Rob Gale's Sketchbook



  • @inkandspatter Thanks! My process is very hands on. I structure my photoshop files so that I can tweak colors continuously throughout. For these I haven't really been doing my proper due diligence of thumbnails and color studies and all of that since I'm trying to pump one out every day, so I created a process where I could keep tweaking things like colors all the way up to the end. This also has the benefit of being more fun because I'm always surprised by what comes out.

    Basically I separate layers into "Light" Layers... each one representing a different light source (shadows I also consider light sources), and Local Color layers. So a shirt has one layer, the skin tone is on another layer etc. Each layer is just one solid color layer, I use Fill layers in photoshop because I can easily double click to bring up the color and change it. Then I draw and paint using masks on each layer, so basically I'm painting either the silhouette of the shape, or the shape of the light, but it's all kept separate. Then at the very end I'll add things like smaller areas of color or details or texture however makes the most sense.

    It took some getting used to and lots of getting frustrated, but I find that using this process seems to be helping me think more clearly about what I'm painting, instead of just jumping in and mushing things about, which is my natural tendency.

    I hope that makes some kind of sense!



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  • 365 challenge Week 4

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  • @robgale I really enjoy your daily sketches. They are so fresh. The colors are so vivid and express the moods perfectly. I am happy that I can follow this journey of yours. Do you have a color scheme or palette in your mind before you get into it?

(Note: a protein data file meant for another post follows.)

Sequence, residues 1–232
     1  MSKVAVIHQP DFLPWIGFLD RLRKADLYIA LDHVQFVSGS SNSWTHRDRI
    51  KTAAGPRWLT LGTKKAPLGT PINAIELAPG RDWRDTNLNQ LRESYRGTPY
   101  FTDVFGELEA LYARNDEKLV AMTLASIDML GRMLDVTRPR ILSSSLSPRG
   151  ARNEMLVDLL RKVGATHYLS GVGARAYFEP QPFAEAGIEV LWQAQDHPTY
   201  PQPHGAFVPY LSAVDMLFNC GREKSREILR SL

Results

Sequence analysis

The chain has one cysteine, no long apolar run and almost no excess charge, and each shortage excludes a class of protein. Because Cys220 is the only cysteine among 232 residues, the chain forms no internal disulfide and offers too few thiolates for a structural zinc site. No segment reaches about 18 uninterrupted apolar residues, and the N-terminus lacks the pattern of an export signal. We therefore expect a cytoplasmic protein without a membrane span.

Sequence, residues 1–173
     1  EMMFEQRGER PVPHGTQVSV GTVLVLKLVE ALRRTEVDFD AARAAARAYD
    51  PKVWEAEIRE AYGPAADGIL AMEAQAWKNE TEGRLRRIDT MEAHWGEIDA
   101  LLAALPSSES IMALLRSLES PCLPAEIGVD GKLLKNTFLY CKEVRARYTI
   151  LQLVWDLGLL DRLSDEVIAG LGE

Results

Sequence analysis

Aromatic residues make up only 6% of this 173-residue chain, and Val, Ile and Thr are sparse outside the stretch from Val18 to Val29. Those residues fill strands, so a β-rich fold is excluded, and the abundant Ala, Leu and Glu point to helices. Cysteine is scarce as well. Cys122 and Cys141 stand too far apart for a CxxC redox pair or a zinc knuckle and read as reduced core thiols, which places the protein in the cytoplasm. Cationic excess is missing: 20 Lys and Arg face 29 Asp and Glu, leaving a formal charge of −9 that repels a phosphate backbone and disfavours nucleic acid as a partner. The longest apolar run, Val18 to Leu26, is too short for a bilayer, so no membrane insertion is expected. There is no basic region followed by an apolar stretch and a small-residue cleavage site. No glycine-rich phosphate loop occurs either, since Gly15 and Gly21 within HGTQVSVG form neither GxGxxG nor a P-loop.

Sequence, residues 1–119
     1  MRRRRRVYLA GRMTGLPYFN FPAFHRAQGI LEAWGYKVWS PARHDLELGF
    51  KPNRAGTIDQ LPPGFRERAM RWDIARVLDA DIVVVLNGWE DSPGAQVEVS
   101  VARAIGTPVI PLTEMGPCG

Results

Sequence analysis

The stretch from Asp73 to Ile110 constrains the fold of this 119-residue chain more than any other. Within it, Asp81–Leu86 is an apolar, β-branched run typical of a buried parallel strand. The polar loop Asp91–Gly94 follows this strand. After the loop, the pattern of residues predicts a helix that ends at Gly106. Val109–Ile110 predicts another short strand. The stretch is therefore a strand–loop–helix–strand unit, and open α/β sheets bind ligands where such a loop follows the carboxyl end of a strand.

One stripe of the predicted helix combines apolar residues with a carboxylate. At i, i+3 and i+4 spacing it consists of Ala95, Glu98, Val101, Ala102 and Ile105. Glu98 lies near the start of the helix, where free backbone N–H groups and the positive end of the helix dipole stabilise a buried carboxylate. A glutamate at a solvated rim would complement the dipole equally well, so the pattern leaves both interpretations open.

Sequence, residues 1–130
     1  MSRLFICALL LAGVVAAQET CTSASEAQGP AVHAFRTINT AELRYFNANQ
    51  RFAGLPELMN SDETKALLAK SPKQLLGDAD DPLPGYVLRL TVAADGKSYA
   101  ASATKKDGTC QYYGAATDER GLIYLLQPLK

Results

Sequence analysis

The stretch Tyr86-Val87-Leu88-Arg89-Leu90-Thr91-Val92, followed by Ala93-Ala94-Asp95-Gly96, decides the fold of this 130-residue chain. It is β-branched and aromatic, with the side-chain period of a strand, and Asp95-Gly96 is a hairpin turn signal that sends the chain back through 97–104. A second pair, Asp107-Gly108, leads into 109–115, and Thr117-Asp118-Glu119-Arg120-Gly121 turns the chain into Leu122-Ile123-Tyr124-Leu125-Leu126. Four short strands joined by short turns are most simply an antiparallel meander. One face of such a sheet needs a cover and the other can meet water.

• @nasvikdraws Thanks for the kind words! Sorry to take so long to reply, it's been a busy couple of weeks! To answer your question, I haven't really had much in mind, I mostly just jump in and keep tweaking things until I've got something I like. I could benefit from being more methodical, but it's more fun to get in and fudge things around 🙂



  • 365 Challenge 27 - 36
    I missed a few days from the busyness of work. It was bound to happen! Hopefully I can make up those days at some point soon. Here's everything from the last two weeks.

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  • @robgale You'e been very busy and the quality of work is very nice! I like how you play with different brush textures like in the Orange Boy (his face is super cool), the sculptured combed look of the older man with the beard and the line work and colour in the astronaut.

    🙂



  • @robgale Again, your lighting is incredible!



  • @Heather-Boyd
    Thanks! yes, I'm having so much fun playing and experimenting with brushes and effects.

    @inkandspatter
    Thank you! That's nice to hear as I've been learning new things about light and color recently and trying to push those elements, so I'm glad it's coming through 🙂



  • @robgale Your work is definitely paying off! I have been trying to improve my colour and lighting skills, and I find your work very inspiring. Do you have any advice you can share?



  • @inkandspatter You've probably heard this before, but getting the values right is really the first key. I'm still not great at this when I am working in color, so I find that it really helps me to separate light layers and local color layers and tweak them. I have been treating it almost like I'm lighting for a movie, or in a 3D program rather than "painting" in a sense.

    I like to also keep a layer on top of everything that I can turn on or off to see things in black and white. I often think one value is quite a bit darker than another (say I'm doing a reddish shadow and a bluish light side) but when I turn on the b/w layer, it becomes obvious that this isn't true! Once I fix that, the piece always looks way better.